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IOC Trademarks Part of Canadian National Anthem 412

gravis777 sends us to BoingBoing for news that the International Olympic Committee has trademarked a line from the Canadian National Anthem and is threatening to sue anyone who uses it. The line in question is "with glowing hearts." "The committee is so serious about protecting the Olympic brand it managed to get a landmark piece of legislation passed in the House of Commons last year that made using certain phrases related to the Games a violation of law. The list includes the number 2010 and the word 'winter,' phrases that normally couldn't be trademarked because they are so general."

Comment Re:I have true unlimited (Score 5, Informative) 656

I was a Speakeasy customer for about 3 years.

Then they were bought by Best Buy. I learned about it right here on Slashdot. It took me a while but I dropped them by the end of that year. And yes, my decision to drop them was based 100% on who their new owner was.

In my area, Speakeasy had always just been a reseller of Covad's services. So, I went with Covad instead and cut out the middle-man. It's been about a year now and I have no complaints. The only thing I had trouble with was technician incompetence during the installation. I had a similar experience during the installation of my original Speakeasy service (which, as I said, was always just re-sold Covad service, so it came as no surprise to me).

Just like it was with Speakeasy though, once the installation stupidity had been bulldozed through, everything has been fine with Covad.

I will do everything I can to avoid supporting the Best Buy corporation. Hence no more money of mine will go to Speakeasy. They are absolutely not the company they used to be.

It doesn't surprise me at all that a Best Buy employee would post here with praise for their Speakeasy brand. That's what you are, anonymous coward ... a Best Buy employee. Are you wearing one of their shirts when you pick up the phone and answer, "Speakeasy"?
Star Wars Prequels

LucasArts Embargoes "Clone Wars" Reviews 603

An anonymous reader writes "George Lucas CGI 'Clone Wars' movie has premiered to reviews ranging from MSNBC's 'Ugly animation and an uninspired storyline drag down the film' to AintItCool's 'I hated the film. HATED IT. REALLY HATED IT.' Critics have noted the animation style, music and slapstick humor had more than a passing similarity to Pixar's Toy Story, and wondered if the introduction of new action figures (sorry, characters) like Baby Jabba Hutt and Jabba the Hutt's Gay Uncle may have taken the franchise a bridge too far. Lucas responding by enforcing an embargo, forcing the reviews to be taken down. While sites like responded, by then it was just a little too late. Still, the CGI eye candy will make it popular with kids. If the 'Clone Wars' movie can't save the galaxy, can it at least save the franchise?"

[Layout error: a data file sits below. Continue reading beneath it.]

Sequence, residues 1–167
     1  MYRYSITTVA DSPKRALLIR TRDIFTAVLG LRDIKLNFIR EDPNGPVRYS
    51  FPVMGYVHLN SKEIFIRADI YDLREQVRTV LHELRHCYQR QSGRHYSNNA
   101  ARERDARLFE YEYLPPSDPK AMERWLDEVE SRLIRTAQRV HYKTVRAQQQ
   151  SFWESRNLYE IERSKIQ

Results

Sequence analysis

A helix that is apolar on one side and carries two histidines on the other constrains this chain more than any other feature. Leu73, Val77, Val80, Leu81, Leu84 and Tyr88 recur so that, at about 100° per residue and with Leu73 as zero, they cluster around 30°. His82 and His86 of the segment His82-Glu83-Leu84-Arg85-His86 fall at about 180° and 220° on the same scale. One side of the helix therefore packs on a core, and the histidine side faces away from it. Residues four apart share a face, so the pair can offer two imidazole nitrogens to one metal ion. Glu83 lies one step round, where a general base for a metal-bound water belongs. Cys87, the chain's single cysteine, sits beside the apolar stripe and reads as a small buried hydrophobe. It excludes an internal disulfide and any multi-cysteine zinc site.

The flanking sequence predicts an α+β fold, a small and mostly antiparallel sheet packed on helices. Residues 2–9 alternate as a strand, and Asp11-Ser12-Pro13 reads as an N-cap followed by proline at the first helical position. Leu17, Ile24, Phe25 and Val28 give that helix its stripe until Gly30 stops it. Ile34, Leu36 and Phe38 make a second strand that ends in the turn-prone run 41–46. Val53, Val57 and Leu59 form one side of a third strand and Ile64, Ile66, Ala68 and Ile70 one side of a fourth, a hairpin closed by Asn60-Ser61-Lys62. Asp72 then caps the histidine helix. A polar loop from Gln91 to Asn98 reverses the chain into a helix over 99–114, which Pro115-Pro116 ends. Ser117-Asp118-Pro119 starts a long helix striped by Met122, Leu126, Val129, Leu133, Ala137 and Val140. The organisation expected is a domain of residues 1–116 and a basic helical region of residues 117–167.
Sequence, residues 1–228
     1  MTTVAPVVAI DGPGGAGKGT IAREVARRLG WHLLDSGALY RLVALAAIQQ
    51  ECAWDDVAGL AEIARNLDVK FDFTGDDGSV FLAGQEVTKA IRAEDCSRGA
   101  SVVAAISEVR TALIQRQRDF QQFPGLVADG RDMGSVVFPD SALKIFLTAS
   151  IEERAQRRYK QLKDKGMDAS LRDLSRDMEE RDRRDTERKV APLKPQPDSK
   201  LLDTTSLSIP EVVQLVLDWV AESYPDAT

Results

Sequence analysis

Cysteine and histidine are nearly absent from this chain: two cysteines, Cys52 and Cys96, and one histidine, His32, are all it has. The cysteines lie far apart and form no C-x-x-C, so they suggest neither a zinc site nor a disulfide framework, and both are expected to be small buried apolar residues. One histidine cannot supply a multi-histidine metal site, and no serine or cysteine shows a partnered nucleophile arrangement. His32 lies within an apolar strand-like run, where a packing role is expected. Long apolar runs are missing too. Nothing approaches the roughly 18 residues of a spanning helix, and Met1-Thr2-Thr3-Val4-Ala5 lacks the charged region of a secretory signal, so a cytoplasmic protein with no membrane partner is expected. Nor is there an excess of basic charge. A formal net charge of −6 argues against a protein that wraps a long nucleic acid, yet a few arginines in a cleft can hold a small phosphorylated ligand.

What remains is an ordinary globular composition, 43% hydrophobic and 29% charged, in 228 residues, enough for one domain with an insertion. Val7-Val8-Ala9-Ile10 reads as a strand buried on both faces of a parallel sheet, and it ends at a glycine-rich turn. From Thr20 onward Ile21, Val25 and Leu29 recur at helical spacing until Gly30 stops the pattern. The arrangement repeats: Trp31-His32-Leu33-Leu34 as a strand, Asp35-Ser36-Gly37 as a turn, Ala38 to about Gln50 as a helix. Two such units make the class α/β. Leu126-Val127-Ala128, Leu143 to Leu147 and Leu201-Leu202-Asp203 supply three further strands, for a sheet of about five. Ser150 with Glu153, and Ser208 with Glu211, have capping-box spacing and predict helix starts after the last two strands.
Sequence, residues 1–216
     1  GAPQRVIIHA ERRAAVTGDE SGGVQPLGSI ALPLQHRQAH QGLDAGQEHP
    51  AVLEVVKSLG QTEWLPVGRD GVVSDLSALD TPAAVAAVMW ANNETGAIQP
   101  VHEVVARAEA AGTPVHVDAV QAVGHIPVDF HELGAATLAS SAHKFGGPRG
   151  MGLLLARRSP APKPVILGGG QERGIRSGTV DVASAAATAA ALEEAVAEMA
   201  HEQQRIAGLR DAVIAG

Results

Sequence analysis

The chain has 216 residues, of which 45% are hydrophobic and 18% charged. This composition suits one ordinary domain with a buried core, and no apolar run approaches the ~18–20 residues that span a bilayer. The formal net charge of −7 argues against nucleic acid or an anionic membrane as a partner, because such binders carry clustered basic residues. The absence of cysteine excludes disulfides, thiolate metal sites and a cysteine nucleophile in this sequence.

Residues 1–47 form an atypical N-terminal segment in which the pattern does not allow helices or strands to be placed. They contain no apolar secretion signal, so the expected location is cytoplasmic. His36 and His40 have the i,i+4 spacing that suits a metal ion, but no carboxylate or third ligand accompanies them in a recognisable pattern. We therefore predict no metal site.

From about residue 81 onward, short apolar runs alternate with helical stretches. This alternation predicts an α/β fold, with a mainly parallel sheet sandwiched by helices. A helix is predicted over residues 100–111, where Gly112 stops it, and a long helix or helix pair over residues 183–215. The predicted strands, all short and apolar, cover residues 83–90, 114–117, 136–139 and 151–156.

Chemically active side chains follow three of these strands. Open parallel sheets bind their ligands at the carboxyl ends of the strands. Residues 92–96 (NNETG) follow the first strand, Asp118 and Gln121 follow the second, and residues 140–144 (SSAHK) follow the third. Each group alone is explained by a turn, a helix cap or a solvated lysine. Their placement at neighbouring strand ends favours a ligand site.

The Courts

ABA Judges Get an Earful About RIAA Litigations 349

NewYorkCountryLawyer writes "I was afforded the opportunity to write for a slightly different audience — the judges who belong to the Judicial Division of the American Bar Association. I was invited by the The Judges Journal, their quarterly publication, to do a piece on the RIAA litigations for the ABA's Summer 2008 'Equal Access to Justice' issue. What I came up with was 'Large Recording Companies vs. The Defenseless: Some Common Sense Solutions to the Challenges of the RIAA Litigations,' in which I describe the unfairness of these cases and make 15 suggestions as to how the courts could level the playing field. I'm hoping the judges mod my article '+5 Insightful,' but I'd settle for '+3 Informative.' Here is the actual article (PDF). (If anyone out there can send me a decent HTML version of it, I'll run that one up the flagpole as well.)" Wired is helping to spread the word on Ray's article.

COPA Suffers Yet Another Court Defeat 322

A US federal appeals court today struck down COPA, the Child Online Protection Act, a Clinton-era censorship law that the Justice Department has been struggling to get implemented for a decade. (The ACLU filed suit as soon as COPA was signed in 1998 and won an immediate injunction.) The battle has made it to the Supreme Court twice, and the DoJ has essentially never gotten any satisfaction out of the courts. This was the case for which the DoJ famously went trolling for search histories. In the ruling issued today, the 3rd US Circuit Court of Appeals upheld a lower-court ruling that COPA violates the First Amendment because it is not the most effective way to keep children from visiting adult Web sites. The law would require sites to check visitors' ages, e.g. by taking a credit card, if the site contained any material that is "harmful to minors," whatever that means.

What Is the Best Way To Disinfect Your Laptop? 545

akutz writes "I've had the flu since Tuesday afternoon. My wife picked me up from work with a temperature of 103.6 and it finally broke at 98.7 around 3am this morning. Yay. The problem is that I used my laptop during my periods of feverish deliriousness, contaminating my shiny 15" MacBook Pro with the icky influenza virus. I am asking my fellow Slashdotters if they have ever sought out a good way of disinfecting their lucky laptops after an illness. Do you use soap? A light acid bath? Just get the family dog to lick it until it looks clean?"

Bank of NY Loses Tapes With 4.5 Million Clients' Data 156